(Bloomberg) -- Treasuries fell for a third day on Monday, paring last week’s rally in US bonds on signs of easing inflationary pressures.

The benchmark 10-year yield hovered at about 4.43% at 2:45 p.m. in New York.  A wave of selling in the futures market helped accelerate the slump early in the session, with 20,000 10-year note futures changing hands in a three-minute window around 8:20 a.m. Losses were pared through the day, yet yields across all maturities remained higher by about 1 basis point. 

With no economic data to spur positioning on Monday, investors are instead focused on commentary from a swath of Federal Reserve speakers, and a packed slate of investment-grade issuance as companies look to borrow ahead of the upcoming holiday weekend. Cleveland Fed President Loretta Mester said on Monday during an interview with Bloomberg Television that policy is restrictive, but US central bank officials needed to wait for more evidence about the path of inflation before adjusting interest rates.

A US inflation report last week helped fuel a third week of gains for the Treasuries market on expectations that easing price pressures will allow the Federal Reserve to lower interest rates twice this year. 

“It looks like corporate issuance is heating up a bit this morning, which could be weighing on the market more broadly from a technical perspective,” said Zachary Griffiths, head of US investment grade and macro strategy at CreditSights. We’ve seen “some selling activity in the futures market amid a light economic calendar, but heavy slate of Fed speakers.”

Federal Reserve Vice Chair for Supervision Michael Barr said the central bank should hold interest rates steady, while Atlanta Fed President Raphael Bostic said the “steady state” for US interest rates will probably be higher going forward than in the recent past.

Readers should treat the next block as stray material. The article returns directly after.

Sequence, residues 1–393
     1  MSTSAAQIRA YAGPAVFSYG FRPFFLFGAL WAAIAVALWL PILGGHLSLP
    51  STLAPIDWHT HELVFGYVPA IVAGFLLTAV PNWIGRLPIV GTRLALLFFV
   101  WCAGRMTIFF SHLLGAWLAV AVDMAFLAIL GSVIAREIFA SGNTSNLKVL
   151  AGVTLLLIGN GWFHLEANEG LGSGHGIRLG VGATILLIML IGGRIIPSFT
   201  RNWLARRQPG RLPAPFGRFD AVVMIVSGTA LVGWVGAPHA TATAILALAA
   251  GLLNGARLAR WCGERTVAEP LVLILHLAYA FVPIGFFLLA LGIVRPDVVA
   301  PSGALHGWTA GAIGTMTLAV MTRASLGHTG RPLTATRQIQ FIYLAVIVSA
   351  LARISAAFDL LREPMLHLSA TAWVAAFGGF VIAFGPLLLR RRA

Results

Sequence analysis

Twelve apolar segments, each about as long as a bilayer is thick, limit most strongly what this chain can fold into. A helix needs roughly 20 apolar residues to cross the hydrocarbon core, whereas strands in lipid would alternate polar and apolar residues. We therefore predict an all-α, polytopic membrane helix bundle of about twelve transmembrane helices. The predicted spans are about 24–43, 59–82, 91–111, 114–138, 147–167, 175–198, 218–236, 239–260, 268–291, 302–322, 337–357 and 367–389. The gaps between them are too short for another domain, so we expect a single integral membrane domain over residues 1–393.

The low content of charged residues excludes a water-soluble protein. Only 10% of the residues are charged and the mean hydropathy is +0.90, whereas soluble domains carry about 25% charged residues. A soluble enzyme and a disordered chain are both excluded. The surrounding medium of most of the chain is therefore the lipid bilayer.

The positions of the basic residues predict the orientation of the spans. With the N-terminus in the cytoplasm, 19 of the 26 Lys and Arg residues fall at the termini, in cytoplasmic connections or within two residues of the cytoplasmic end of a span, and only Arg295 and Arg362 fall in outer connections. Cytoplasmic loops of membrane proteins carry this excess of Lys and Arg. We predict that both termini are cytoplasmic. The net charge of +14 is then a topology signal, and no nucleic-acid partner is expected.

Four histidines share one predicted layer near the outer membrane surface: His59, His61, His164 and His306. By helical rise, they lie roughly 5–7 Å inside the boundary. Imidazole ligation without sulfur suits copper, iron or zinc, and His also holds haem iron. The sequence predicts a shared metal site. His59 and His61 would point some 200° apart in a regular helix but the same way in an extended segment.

Fed Vice Chair Philip Jefferson said on Monday regarding the recent consumer price release that it was “important not to focus too much on just one data point,” and “it’s too early to know whether that is indicative of what is to come, but it is a good sign for us.”

Traders are currently pricing in about 40 basis points of cuts by the end of the year, with the first reduction fully priced in for November.

The Fed’s Mester also said she didn’t think three rate cuts in 2024 was still appropriate. In Fed officials last round of quarterly rate projections, known as the dot plot, released in March the median level signaled three quarter-point interest cuts this year. Officials will update those projections in June at the wrap of the central bank’s policy meeting that month on the 12th.

But there are signs of new bets against Treasuries being established in the futures market. Activity in two- and five-year note futures has jumped, consistent with new short positioning as traders push back on Fed rate-cut pricing.

Meanwhile, some 13 potential borrowers may look to tap the US investment-grade primary market Monday, according to an informal survey of debt underwriters. Companies are expected to sell between $25 billion to $30 billion of debt, with the issuance likely coming early in the week.

Following the data reports and movement in yields last week, strategists at JPMorgan Chase & Co. hold a “neutral” view on duration, with the firm’s economists seeing the first Fed rate cut coming in July.

“We continue to see the risk that the first cut comes later than our baseline forecast,” a team of JPMorgan strategists including Phoebe White wrote in a May 17 note. “In turn, this suggests it is still too early to add duration, as yields have tended to decline in the 3 to 5 months ahead of the first ease.”

(Updates rates throughout and adds strategist comment.)

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